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Why CUP acted responsibly

Certain commentators in the USA have accused Cambridge University Press of cowardice for its decision to withdraw from future sale the remaining stock of its book Alms for Jihad.  No-one has “bullied Cambridge University Press into making (that) decision”. It was taken on the basis of legal advice and consultation with the book’s authors.

Alms for Jihad was published in April 2006 and had already sold most of its copies by the time we received, in March 2007, notice from his lawyers that the book contained statements defamatory of Sheikh Khalid bin Mahfouz. This was the first time that anyone had brought it to our attention.

Legal advice then revealed that the very same charges of defamation against other authors and publishers had been upheld by judges in the English High Court on at least two previous occasions. Our book cited sources whose falsity had been established to the satisfaction of the English courts. In one ruling Mr Justice Eady stated that “The court is naturally conscious of the importance of freedom of speech and of the need to ensure as far as possible that its judicial processes are not abused by anyone who may seek to vindicate himself on a false basis and thus mislead the public.”… but still went on to find the statements against bin Mahfouz defamatory. Within the English jurisdiction and under English libel laws we simply did not have a defensible case.

Cambridge University Press is not in business to do ideological battle but to act responsibly as a publisher of scholarly material. It would not be a responsible use of our resources, nor in the interests of any of our scholarly authors, to attempt to defend a legal action in circumstances such as the above. Our decision to withdraw the book may indeed have been “un-American” in Jeffrey A Stern’s sense of that term, but we are a global publisher with a duty to observe the laws of many different countries. Stern may have issues with English libel law, but he should not criticise a publisher for upholding its responsibility to stay within that law.

Some American public opinion holds that Sheikh bin Mahfouz is “guilty of funding terrorism”, but Cambridge University Press cannot act on the basis of popular opinion, however widely held. Evidence must be found. And the evidence produced by the authors of Alms for Jihad, repeated from earlier sources, has not stood up to the requisite tests. Even if we had taken our own case to judgement, an adverse outcome would have done nothing to vindicate the work of our authors, who would then have been even more publicly characterised as having failed the tests required by English libel law.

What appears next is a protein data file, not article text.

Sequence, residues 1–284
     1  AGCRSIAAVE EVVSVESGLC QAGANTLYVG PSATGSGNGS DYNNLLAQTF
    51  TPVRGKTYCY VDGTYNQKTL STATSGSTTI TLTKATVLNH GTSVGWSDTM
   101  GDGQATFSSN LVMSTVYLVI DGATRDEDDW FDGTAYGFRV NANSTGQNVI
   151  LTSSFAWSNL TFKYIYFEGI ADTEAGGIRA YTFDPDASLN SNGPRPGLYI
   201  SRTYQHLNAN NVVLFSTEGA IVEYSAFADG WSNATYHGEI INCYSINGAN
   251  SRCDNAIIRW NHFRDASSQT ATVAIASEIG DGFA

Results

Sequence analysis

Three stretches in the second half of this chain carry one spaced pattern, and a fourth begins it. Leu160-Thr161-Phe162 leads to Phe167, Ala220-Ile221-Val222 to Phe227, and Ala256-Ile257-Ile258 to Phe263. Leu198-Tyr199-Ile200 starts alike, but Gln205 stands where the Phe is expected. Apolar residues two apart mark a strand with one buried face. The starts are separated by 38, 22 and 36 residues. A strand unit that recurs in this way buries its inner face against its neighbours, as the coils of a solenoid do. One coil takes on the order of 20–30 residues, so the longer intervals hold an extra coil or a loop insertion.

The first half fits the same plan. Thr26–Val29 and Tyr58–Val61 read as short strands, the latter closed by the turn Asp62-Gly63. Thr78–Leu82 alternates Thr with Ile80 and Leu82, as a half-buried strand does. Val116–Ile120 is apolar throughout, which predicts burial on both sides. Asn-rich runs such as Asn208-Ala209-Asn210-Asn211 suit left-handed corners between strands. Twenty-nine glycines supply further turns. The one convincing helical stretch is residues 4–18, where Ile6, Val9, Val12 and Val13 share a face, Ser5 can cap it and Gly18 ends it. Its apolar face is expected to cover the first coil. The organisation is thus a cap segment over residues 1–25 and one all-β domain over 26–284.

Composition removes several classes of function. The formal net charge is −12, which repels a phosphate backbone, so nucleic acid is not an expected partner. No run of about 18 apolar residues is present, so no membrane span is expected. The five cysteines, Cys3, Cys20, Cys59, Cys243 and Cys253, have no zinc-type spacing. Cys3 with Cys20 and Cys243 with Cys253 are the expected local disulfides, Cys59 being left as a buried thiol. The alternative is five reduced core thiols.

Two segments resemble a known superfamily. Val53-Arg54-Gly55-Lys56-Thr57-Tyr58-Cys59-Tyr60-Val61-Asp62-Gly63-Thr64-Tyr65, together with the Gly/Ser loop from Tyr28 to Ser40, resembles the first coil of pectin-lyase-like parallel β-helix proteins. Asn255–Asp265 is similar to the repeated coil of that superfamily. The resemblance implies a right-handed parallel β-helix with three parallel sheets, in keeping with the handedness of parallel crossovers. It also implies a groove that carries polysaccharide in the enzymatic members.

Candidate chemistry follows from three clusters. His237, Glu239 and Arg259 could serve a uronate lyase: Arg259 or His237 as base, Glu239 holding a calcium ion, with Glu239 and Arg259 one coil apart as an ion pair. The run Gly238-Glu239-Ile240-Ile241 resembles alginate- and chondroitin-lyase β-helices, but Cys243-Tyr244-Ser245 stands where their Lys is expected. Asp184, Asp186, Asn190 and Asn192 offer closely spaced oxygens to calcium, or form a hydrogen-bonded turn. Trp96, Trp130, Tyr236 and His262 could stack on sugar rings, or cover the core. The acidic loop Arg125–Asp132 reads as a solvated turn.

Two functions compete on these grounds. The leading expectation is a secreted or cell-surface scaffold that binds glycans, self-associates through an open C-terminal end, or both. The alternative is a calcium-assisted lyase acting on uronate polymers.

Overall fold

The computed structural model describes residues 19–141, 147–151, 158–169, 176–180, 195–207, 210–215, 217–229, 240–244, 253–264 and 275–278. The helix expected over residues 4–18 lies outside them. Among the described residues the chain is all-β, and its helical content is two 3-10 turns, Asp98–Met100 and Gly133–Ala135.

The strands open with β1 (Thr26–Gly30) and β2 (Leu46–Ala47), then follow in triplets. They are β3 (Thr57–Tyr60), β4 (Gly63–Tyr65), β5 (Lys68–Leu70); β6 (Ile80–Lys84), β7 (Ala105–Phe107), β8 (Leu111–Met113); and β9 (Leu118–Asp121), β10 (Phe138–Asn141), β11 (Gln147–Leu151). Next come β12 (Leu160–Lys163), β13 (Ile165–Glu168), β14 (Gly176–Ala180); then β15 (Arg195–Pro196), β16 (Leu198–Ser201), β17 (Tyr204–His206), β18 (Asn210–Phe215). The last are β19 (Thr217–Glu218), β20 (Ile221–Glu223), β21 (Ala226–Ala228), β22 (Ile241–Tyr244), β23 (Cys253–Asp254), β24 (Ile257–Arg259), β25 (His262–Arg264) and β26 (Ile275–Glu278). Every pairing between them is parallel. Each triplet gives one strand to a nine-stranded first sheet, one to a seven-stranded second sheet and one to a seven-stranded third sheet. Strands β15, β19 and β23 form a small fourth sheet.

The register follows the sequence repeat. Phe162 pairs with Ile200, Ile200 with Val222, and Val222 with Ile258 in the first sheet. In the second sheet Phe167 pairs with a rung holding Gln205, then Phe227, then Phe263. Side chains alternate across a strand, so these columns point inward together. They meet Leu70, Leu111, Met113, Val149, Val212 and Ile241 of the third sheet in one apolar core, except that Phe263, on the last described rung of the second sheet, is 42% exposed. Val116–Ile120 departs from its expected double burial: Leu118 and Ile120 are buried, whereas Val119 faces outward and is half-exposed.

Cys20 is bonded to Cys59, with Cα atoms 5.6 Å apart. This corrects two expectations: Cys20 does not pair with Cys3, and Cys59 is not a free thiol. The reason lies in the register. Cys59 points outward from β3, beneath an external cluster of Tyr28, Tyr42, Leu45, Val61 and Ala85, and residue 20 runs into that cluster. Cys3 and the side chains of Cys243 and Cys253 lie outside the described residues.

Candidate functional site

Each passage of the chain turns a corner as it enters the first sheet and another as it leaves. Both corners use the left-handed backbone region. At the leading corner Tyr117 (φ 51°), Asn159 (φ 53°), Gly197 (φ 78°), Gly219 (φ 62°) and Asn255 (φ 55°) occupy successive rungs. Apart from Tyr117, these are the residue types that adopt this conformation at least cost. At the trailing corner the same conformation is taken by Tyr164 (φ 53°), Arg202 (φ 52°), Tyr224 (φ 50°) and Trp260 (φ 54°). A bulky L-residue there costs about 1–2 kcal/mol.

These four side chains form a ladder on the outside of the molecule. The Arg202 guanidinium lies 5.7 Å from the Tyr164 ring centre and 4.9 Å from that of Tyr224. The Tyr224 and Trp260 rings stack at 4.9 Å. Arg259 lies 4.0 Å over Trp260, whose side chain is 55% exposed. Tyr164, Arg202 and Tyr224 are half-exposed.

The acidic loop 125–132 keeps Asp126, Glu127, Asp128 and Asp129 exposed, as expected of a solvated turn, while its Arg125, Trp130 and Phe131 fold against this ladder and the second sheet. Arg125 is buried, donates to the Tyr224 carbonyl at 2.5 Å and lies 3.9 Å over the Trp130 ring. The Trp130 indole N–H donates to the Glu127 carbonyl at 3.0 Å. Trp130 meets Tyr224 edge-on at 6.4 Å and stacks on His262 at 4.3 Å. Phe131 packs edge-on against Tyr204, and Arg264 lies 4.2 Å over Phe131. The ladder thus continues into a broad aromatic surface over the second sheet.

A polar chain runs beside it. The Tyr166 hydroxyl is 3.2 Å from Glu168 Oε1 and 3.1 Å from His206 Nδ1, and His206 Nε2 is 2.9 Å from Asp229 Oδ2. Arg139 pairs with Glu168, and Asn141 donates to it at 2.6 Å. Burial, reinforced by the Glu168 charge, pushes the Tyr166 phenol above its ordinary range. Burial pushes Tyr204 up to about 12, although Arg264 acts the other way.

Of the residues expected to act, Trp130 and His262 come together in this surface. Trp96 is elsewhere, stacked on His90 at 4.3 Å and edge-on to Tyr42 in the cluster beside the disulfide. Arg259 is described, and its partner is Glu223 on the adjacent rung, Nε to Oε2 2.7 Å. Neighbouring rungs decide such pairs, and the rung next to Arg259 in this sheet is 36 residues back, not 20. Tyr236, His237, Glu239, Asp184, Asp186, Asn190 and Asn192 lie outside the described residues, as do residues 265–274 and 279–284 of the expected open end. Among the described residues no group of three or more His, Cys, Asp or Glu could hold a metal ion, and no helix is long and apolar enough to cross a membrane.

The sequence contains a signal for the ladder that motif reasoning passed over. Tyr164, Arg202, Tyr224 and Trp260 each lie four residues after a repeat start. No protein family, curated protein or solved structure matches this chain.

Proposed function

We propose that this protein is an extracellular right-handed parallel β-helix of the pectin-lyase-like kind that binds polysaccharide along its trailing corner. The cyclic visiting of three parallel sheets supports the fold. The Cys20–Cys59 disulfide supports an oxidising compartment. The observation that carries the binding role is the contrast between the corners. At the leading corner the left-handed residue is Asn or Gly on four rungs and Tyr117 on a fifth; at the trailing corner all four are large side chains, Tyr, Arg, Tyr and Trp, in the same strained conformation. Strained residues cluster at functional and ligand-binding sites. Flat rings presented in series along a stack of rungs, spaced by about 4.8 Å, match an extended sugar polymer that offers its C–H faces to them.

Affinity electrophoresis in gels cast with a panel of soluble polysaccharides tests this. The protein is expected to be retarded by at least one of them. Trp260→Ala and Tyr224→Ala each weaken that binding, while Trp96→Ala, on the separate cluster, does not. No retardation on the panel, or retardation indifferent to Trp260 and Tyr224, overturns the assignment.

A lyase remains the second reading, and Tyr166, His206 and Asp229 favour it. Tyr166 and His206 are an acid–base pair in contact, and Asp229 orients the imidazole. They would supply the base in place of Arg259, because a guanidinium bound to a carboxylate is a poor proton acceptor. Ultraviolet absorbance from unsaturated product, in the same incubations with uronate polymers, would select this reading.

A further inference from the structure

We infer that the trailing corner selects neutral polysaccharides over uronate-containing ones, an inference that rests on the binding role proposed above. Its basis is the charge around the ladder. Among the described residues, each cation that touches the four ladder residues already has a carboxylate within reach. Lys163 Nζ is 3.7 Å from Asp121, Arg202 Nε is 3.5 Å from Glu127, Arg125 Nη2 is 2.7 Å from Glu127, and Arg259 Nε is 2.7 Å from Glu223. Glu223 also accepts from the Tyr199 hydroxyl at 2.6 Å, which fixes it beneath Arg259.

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Shame on CUP for cowardice

It is not for CUP to break the law in this case.

Cambridge University Press did not just agree to destroy all remaining copies, it also has acted to urge libraries all over the world to remove their copies form the shelves. In addition, the books authors state that they have offered their notes in support of the book's contentions, but the CUP's attorneys did not even look at them before its capitulation to bin Mahfouz. CUP has also erased any mention whatsoever of the book from its website. Sounds quite cowardly, if you ask me.

I found the implication that scholarly material is irrelevant to ideological battle to be interesting and revealing. Most of the rest of the world does not share our quirky attitude toward the right to expression. We are use to being in the minority, with others operating under 'D' letters, Sharia Law, State controlled media, and such regulation.

Isn't Cambridge University Press planning to publish a laudatory biography of Sheikh ibn Mahfouz soon?

What Mr Kevin Taylor tells us is a fairy tale. True, a sophisticated one.

The truth is less flattering. Cambridge University Press is heavily engaded in Saudi Arabia where it depends first of all on the giant Obeikan Group (printing, publishing, packaging (hard and flexible), bookselling etc. across the Gulf Region and abroad). As they put it openly on their website CUP "is engaged in a strategic Joint Venture with the Obeikan Group of Saudi Arabia" and through it depends on a chain of bookstores across the kingdom: Jarir Bookstore, Tihama Publications, Elmia Bookstores and the biggest of them all - Obeikan Bookshop existing since 1991 and operating more than 100 000 titles. It means its new strategic allies can pressure Cambridge University Press at any time to enforce decisions the Saudis want to be made. In the case of "Alms for Jihad" Sheikh Khalid bin Mahfouz - who as former head of the National Commercial Bank of Saudi Arabia has very close business, if not family, ties to the Obeikan Group - must have told CUP that unless they gave in totally and apologized humbly they would face most serious troubles on the Saudi (and Saudi-influenced) market. He would ruin them. This might explain the strange provisions of the settlement and other queer things involved , e.g. unwillingness to tell openly how much CUP had to pay to the billionaire.

Does anyone except the blindest optimist really suppose this controversy would even have arisen if the world did not see documented, verifiable and incontrovertible evidence each and every day of the violent effects of the propogation of Islam? Or is he or she to suppose that this publisher would have taken similar action in response to the legal proceedings that might be lodged in any similar situation by any other religious group? Doubtless not. By such actions, therefore, is "freedom of speech" shown to be a quaint and moribund notion, unsuited to today's "tolerant" political climate. "Fear is the mind-killer."